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Town, pop 495, located 56 km SE of Saskatoon on Hwy 11. The first settlers in the district arrived in 1901, and in 1902 the first buildings began to appear on the townsite. Although settlers arriving in the district were of diverse backgrounds (there were people from eastern Canada, the British Isles, and the mid-western United States), two large bloc settlements of people took up land in the Hanley area: Norwegians in 1903, and Mennonites in 1924. While many young Saskatchewan communities suffered devastating fires, Hanley seems to have weathered more than its share. Significant blazes occurred in 1912, 1929, 1935 and 1947, each with a number of properties lost. One community landmark that did survive the flames could not survive the wrecking ball. For decades, the Hanley Opera House, completed in 1914, served as a centre of cultural activity for a wide area; but by 1982 it was dilapidated beyond repair, unsafe, and was therefore demolished. Today, Hanley has a core of essential businesses and services. Slightly more than 25% of Hanley’s population is over the age of 65, and a small percentage of residents commute to work in Saskatoon. Agriculture continues to be the basis of the area’s economy.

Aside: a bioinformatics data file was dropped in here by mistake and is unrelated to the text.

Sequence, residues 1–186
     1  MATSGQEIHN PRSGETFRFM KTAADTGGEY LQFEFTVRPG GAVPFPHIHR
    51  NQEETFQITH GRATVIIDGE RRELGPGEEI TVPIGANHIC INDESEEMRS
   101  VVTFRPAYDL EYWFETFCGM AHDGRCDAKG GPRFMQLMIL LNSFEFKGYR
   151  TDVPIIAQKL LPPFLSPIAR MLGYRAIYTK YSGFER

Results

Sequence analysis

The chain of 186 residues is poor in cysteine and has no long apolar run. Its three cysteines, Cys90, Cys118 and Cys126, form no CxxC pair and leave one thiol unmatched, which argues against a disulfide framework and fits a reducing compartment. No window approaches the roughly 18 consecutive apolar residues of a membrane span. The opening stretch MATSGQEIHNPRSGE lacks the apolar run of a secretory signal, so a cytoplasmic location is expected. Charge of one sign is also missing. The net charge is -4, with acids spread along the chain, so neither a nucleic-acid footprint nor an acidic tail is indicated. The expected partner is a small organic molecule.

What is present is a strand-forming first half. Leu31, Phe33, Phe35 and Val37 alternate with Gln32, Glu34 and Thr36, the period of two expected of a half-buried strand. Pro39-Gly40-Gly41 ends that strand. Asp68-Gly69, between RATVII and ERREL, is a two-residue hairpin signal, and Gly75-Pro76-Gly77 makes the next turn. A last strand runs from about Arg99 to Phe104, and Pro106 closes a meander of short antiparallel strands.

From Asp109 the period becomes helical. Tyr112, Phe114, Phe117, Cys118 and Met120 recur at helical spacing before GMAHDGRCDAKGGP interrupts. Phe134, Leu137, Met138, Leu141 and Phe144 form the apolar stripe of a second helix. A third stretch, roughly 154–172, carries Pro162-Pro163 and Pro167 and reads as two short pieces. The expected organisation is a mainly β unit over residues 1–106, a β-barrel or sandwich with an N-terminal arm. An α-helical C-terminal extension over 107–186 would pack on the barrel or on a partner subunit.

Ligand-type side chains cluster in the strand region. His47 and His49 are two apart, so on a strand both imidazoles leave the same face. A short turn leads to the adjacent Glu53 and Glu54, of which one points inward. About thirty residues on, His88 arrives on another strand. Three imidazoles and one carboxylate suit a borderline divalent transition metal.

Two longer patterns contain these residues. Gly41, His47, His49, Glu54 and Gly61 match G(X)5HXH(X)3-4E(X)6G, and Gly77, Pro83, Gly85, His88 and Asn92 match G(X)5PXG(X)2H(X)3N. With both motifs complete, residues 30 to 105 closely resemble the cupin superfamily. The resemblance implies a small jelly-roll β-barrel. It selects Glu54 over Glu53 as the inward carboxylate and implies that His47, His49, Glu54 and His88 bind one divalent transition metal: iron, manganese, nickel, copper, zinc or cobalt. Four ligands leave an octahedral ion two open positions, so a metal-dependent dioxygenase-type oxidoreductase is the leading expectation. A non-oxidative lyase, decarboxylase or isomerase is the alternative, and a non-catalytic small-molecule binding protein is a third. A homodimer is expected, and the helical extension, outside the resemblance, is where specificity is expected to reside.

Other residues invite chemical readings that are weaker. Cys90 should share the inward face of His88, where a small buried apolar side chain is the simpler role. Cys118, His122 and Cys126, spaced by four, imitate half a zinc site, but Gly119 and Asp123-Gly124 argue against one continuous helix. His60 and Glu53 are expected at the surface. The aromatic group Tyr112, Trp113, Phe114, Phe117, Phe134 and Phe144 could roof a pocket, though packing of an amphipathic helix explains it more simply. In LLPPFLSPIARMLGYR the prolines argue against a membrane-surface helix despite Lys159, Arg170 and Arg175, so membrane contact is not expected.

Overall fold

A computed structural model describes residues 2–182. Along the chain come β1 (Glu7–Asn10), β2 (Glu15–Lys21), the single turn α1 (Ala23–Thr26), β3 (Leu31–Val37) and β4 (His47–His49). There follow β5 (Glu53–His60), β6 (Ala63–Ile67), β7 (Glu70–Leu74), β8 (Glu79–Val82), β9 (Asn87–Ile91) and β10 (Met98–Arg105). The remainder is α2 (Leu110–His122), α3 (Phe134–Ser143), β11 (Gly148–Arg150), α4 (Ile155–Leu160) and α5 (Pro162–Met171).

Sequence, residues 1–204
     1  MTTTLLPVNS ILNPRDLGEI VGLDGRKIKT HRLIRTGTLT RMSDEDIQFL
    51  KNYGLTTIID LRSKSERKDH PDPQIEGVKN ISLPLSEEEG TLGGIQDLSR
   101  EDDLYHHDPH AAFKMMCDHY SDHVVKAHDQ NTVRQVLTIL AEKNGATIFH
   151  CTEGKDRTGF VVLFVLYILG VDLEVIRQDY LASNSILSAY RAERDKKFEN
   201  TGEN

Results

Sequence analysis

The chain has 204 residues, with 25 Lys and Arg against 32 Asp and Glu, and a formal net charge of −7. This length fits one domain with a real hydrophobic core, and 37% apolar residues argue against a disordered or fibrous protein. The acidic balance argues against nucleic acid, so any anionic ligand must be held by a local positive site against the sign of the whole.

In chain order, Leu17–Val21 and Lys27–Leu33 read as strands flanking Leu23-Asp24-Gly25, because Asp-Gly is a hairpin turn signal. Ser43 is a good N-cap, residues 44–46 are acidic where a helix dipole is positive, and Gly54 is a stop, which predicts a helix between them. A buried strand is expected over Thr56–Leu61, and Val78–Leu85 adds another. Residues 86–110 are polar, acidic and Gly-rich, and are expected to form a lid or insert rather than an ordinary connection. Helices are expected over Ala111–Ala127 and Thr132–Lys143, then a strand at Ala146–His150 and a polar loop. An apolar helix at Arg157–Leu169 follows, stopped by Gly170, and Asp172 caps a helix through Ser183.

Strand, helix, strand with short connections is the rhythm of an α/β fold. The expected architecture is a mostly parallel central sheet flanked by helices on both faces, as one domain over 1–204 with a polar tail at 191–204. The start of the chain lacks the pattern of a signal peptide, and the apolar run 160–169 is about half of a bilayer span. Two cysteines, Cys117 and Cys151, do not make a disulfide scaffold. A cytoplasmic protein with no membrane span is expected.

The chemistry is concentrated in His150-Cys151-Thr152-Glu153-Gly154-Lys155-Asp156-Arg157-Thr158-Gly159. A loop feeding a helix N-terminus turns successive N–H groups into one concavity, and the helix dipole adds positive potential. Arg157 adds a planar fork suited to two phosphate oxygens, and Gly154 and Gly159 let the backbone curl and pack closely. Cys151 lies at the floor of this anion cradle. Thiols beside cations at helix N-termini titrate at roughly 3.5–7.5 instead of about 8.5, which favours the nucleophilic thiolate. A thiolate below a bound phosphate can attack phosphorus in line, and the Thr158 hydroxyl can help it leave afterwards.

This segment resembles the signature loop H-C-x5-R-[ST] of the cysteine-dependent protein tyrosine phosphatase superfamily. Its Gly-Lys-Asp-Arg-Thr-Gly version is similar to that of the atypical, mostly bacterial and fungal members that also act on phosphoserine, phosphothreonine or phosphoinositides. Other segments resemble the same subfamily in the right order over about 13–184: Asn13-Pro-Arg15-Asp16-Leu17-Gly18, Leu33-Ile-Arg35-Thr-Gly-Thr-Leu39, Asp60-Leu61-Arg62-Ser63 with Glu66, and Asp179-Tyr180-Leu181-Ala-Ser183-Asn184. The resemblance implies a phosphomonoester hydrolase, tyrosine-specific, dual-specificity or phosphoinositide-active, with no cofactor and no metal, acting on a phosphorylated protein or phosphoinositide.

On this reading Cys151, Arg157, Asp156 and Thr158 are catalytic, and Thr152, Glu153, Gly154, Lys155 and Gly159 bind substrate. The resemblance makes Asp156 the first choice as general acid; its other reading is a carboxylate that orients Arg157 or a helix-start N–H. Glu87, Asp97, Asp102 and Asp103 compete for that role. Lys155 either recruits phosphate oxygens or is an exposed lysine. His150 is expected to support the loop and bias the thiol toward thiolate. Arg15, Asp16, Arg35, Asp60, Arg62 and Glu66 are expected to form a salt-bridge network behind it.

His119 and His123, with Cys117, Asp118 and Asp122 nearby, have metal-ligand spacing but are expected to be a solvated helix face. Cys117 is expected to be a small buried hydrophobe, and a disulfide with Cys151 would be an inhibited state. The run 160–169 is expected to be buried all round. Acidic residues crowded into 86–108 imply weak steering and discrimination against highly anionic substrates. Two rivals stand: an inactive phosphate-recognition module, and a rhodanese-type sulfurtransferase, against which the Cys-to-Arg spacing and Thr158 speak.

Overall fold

David McLennan

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This web site was produced with financial assistance
provided by Western Economic Diversification Canada and the Government of Saskatchewan.
University of Regina Government of Canada Government of Saskatchewan Canadian Plains Research Center
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Diversification de l'économie de l'Ouest Canada et le gouvernement de la Saskatchewan.